What You Need to Know BEFORE You Epoxy Your Garage Floor

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Peeling? Flaking? No, I’m not writing about sunburn: I’m writing about a beautiful brand-new garage coating system meeting the family truckster’s sticky tires. Many DIY’ers have attempted this “easy” upgrade to their garage floors. It looks nice on day one, but it’s not long before the peeling starts. “I did exactly what the directions told me to do!” So, what went wrong? If you’re thinking about doing an epoxy flooring project, you’ll want to read on whether it’s a DIY job or something you’re hiring a pro to do.

This is what you don't want your floor to look like
This is what you don’t want your floor to look like
When it comes to resinous coating and flooring systems, the devil is in the details, and the devil resides in the preparation of the concrete. The preparation creates the bonding surface that allows the resins to soak in and bite the concrete. It’s this bond that resists the peeling when put into service. Regardless of the average daily temperature in your neighborhood, the friction between your tires and the road surface creates heat. The heat creates expansion and when your tires cool down on your freshly coated garage floor, that creates shrinkage. We all know shrinkage is no excuse for poor performance. Your tires will microscopically pull on the adhesion between the coating and the concrete. The physics behind this worsens with high-end tires designed to grip the road – they also grip your coating right off the slab.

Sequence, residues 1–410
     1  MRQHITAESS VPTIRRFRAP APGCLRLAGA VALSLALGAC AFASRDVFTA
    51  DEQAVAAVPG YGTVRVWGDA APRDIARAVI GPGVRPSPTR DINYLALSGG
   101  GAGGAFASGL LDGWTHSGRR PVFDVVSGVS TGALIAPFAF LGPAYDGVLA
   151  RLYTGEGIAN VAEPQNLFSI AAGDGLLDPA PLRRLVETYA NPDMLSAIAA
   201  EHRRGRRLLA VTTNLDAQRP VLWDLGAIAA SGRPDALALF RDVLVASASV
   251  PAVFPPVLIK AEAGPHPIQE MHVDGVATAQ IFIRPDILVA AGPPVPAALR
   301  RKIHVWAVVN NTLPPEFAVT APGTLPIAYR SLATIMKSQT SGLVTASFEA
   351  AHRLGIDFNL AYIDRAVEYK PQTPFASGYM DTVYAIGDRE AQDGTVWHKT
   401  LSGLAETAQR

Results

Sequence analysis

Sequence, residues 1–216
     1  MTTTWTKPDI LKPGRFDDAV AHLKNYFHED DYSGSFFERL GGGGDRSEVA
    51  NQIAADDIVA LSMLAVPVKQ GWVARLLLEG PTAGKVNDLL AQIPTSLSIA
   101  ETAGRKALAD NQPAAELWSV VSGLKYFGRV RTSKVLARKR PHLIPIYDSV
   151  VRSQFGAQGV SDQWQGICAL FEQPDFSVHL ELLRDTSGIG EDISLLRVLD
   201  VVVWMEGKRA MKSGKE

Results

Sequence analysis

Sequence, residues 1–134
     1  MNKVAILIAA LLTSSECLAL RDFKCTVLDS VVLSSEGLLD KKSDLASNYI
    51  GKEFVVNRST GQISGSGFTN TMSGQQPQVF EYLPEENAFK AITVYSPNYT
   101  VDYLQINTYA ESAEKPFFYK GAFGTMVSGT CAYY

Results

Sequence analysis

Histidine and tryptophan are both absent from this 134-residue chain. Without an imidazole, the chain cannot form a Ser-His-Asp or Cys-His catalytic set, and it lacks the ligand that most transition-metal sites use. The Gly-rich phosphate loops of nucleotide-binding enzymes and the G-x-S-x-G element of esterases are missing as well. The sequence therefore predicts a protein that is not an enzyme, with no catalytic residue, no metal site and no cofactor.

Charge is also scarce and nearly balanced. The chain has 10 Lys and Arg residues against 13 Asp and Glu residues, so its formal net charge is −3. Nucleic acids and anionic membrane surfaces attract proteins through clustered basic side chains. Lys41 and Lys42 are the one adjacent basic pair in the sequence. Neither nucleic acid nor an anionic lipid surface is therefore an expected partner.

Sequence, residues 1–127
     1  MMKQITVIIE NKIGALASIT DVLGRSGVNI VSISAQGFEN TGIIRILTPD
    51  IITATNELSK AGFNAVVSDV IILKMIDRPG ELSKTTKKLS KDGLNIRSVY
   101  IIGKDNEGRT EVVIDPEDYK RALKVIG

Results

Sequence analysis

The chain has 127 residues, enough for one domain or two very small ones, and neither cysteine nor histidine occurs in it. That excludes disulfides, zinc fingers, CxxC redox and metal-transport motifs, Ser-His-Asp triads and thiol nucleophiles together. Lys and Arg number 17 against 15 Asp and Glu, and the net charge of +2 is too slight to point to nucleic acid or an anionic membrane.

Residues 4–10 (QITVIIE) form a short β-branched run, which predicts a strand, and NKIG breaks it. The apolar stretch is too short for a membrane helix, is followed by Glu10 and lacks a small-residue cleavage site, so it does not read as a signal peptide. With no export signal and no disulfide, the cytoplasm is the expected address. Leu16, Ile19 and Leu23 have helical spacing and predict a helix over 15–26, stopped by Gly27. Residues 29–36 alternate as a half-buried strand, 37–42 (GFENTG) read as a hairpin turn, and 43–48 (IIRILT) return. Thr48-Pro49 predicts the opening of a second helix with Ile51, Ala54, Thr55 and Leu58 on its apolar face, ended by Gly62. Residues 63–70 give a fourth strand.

Why You Might Want to Drop Acid

In the wise words of Chip Monck, Woodstock circa ‘69, “the brown acid is not too good,” and the same applies 46 years later. DIY coatings suppliers recommend using muriatic acid to etch the concrete surface. Once the acid has reacted with the components of the concrete, it is removed and “neutralized” by power washing. I’m not going to go into the hazards of dealing with acids. Let’s all agree they exist and if you go down this road prepare to protect yourself, your kids, and Fido from exposure. Just say NO to acid hazards! In addition, power washing the concrete can force moisture into the very pores you are attempting to bond to. Most resins are oil based and we all know oil and water don’t mix.

The best way to prepare concrete for a garage coating system is through mechanical preparation. Mechanically removing the upper layer of concrete opens the pores in the slab. Additionally, the grinding process grooves the concrete surface creating additional bonding points, which translate to longevity.

dewalt grinder
A small grinder and dust shroud are the start to proper surface preparation

Epoxy Flooring Surface Preparation Basics